My educational background is in psychology, and I went pretty far with it. So often my friends ask me what you can use from psychology in writing fiction. The short answer is: understanding science doesn't have all the answers, and remember that correlation is not causation. However, if they want a long answer, well...there's a lot.

I remember going into an Introduction to Personality class in my undergrad years. The first thing the professor said was "if you're not a psych major, but a writer, and you're here for writing tips, get the hell out. I don't have any." Well, he was right in one aspect: he had no answers, but the class did, as did the subsequent classes built on it.

Psychology is pretty interesting (well, to some of us). On the surface it seems common-sense, Then you learn more and it seems confusing, then you learn even more and it's common sense again, but you have to prove it with data. I won't cover much of abnormal psychology (just read the DSM for more info, or Google case studies to see examples of behavior). However, since those are the most-asked questions I get, so in Part One let's go over the first three of the most common psychological disorders in real life and fiction: ADHD, depression, and anxiety. In Part Two we'll cover manic-depression (aka bipolar), borderline personality disorder, and antisocial personality disorder (aka sociopaths or psychopaths).

ADHD/ADD: a disorder where the brain is under-stimulated, poorly producing beta waves, resulting in inattentiveness and sometimes hyperactivity, among many other symptoms.


What it looks like to an outside observer: Squirrelly and/or behavior, inability to focus, sometimes hyper-focus, sometimes hyperactivity, and in adults hyper sexual periods alternating with asexual periods.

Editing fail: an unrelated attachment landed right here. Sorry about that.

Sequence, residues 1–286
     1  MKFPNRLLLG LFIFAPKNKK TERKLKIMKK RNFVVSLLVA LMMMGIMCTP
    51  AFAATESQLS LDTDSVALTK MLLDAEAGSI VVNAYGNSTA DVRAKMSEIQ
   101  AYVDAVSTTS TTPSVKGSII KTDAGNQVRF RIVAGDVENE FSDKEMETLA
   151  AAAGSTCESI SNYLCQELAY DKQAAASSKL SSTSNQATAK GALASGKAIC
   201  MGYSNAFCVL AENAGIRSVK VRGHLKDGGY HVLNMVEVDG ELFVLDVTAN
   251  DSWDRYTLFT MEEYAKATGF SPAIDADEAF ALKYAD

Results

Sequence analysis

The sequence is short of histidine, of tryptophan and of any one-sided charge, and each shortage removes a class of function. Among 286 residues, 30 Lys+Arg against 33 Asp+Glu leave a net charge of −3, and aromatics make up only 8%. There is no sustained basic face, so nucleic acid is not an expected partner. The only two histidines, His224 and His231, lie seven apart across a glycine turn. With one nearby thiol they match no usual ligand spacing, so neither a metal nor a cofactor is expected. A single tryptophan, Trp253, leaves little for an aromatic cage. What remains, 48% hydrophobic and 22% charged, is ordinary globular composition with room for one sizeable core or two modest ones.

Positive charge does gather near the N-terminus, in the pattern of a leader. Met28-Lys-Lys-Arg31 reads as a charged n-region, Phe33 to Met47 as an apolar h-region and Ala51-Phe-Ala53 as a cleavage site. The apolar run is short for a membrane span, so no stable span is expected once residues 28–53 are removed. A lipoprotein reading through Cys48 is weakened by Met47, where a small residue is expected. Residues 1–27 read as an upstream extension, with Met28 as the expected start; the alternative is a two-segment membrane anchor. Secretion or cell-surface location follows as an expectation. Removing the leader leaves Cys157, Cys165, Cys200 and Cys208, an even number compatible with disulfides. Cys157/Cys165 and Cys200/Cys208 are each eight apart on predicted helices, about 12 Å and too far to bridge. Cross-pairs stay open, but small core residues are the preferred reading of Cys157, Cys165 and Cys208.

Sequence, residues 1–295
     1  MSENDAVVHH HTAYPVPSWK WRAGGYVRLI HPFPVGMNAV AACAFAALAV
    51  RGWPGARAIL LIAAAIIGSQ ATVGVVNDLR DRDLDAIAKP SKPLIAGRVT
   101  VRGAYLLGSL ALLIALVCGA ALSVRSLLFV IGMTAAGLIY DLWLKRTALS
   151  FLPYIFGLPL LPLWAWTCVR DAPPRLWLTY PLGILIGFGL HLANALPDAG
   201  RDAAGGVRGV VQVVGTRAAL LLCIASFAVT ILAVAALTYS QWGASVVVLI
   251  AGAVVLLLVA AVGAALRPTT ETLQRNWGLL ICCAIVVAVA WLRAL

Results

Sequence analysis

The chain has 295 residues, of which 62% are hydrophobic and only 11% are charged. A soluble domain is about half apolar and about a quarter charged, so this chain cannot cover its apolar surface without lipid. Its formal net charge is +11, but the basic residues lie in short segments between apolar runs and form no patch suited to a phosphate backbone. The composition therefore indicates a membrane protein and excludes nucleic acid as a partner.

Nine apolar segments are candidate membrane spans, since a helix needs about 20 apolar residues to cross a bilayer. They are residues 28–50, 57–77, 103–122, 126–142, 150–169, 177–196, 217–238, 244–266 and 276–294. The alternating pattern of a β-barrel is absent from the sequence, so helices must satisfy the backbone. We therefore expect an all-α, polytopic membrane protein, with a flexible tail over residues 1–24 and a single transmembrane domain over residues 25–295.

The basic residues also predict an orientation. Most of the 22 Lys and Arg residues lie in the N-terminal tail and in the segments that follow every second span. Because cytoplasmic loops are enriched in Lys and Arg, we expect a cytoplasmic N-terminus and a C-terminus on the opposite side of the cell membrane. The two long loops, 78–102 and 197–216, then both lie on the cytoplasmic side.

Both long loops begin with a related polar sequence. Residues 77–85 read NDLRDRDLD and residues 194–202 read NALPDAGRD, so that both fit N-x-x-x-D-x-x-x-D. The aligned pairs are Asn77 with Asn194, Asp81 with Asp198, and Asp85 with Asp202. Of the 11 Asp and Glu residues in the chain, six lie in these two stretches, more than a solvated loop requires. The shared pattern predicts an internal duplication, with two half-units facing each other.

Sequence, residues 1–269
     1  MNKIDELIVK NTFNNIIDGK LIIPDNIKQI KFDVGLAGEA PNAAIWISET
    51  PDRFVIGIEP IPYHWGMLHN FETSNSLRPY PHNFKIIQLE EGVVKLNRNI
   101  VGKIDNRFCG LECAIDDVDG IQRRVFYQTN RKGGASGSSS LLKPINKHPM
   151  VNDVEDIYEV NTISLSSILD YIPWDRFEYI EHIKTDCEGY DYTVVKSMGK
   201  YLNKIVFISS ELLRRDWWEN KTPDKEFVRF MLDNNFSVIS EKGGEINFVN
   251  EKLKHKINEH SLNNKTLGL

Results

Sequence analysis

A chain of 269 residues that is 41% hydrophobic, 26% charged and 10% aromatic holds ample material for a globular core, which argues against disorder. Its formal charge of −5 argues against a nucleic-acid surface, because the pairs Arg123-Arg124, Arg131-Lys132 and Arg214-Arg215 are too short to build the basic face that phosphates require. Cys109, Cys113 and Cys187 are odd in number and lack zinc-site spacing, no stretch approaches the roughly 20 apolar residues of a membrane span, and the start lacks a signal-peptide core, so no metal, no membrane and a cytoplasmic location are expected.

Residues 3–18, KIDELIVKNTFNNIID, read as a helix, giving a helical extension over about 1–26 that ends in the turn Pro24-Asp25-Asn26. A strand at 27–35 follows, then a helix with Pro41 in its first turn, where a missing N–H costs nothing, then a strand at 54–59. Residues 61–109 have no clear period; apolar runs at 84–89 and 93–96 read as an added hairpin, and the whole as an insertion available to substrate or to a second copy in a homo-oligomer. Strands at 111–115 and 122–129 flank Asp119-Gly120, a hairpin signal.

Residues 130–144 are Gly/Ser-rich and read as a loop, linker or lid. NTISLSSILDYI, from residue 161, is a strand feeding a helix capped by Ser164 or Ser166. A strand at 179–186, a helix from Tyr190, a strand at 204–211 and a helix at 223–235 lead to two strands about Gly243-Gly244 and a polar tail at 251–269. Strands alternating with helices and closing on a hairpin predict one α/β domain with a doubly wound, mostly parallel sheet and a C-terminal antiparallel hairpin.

What it feels like to have: (I have ADHD so this one is very easy to describe). It SUCKS. You think about it constantly. All your life all you ever hear is "Sit down! shut up! stop doing that! God, you're annoying! Why can't you pay attention? Why can't you finish what you start? Why do you fidget all the time? What's wrong with you?

I want to run, ALL THE TIME. In my head I am always running. If I don't fidget it feels like my head will explode. I can't keep to a hard schedule and I can't budget to save my life. I do chores randomly to have something to do and take walks all hours of the night. I can only write or do any task with music playing or a TV on because silence is HELL for me. When people talk about serious things I get cartoonish lampooning images in my head and have to suppress laughter. Sometimes I can get so lost in an Excel spreadsheet I stay there for hours. I can’t keep to one subject when talking and bird walk constantly.  And I have this haunted feeling that comes over me where I am positive I need to leave where I am, go somewhere, because I may miss something important, even if it’s just a deep thought I need to be somewhere else to have. You don' t know how many times that feeling has ruined my life, or what I would give to never feel it again.

How it's treated: Stimulants and cognitive-behavioral therapy. When properly dosed by a psychiatrist stimulants take away the impulses and strange feelings, allowing you to remain a creative person and productive member of society. When prescribed by general practitioners who don't know any better they make you a drooling zombie and the art you so love goes away. Cognitive-Behavioral therapy teaches you to modify thinking and behaviors through behavioral and operant conditioning (rewards), such as leaving your keys in the same spot every night so you don’t lose them.

 

What it’s like after successful treatment: You feel calmer, less scattered. You don’t fidget as much or daydream constantly. You sleep better, become less of a night owl, and your sex life evens out. The impulsivity decreases, so you have the urge to rearrange furniture less. It’s the closest to normal a sufferer can feel, and they all tell themselves they are normal. Let us live the lie, please.